Last year, Nestlé’s steady-as-a-rock approach produced a strong set of full-year results. This year, as it unveils another set of impressive results, it seems its real strength is its consistency. With more of the same due for 2003, there will be no let up for those chasing the global leader.
Nestlé has achieved a 13% rise in full-year net profits to US$5.9bn and a 5% organic growth in sales. This is remarkably strong and consistent growth for a company that is already the world’s biggest consumer food and drinks producer.
In 2001, Nestlé beat its real internal growth target of 4% by 0.4%. At the time, analysts heaped praise on the company’s performance and said it would be hard to beat in 2002. Sure enough, the company fell just short of the 4% target in 2002, achieving growth of 3.4%. But even though the less optimistic predictions were born out, Nestlé’s 2002 performance was still far from mediocre, especially given the current global economic downturn.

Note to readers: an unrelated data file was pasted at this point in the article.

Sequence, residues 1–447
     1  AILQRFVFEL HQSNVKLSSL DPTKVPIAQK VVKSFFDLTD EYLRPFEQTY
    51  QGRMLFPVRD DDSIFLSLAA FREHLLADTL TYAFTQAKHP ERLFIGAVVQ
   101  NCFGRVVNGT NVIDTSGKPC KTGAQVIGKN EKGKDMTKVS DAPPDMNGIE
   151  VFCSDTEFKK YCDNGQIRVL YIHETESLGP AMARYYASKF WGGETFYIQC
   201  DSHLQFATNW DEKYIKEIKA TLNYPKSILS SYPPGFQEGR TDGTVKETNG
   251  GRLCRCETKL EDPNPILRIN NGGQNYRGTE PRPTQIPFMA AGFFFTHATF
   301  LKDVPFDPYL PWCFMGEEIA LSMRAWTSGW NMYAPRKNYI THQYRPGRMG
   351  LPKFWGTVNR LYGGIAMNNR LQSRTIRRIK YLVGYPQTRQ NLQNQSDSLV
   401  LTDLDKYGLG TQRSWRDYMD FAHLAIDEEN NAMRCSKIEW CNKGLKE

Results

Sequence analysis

Earnings were helped by disposals and the IPO of its eyecare unit Alcon, but Nestlé’s real strengths are as a model of steady, well-managed growth, balanced international development, a focus on brands that deliver value growth and a consistent commitment to meeting the latest consumer trends.
The fact is that Nestlé has added value to its proposition through consumer-led innovation, rather than getting caught in the trap of continually offering lower priced products. The wisdom of that strategy is reflected in a 5% growth in organic sales, of which 1.5% was due to price growth.
Nestlé’s extensive international reach has also enabled it to soak up growth in emerging markets, notably in the heavyweight markets of Russia and China – although less well in Mexico and Argentina.
At least Nestlé’s competitors can breathe a slight sigh of relief that the company’s hunger for acquisitions appears to have eased – that is, as soon as it has added US ice cream maker Dreyer’s to its portfolio. Nestlé is clearly aiming for a continuation of its past performance in 2003, so there will be no respite for its competitors.
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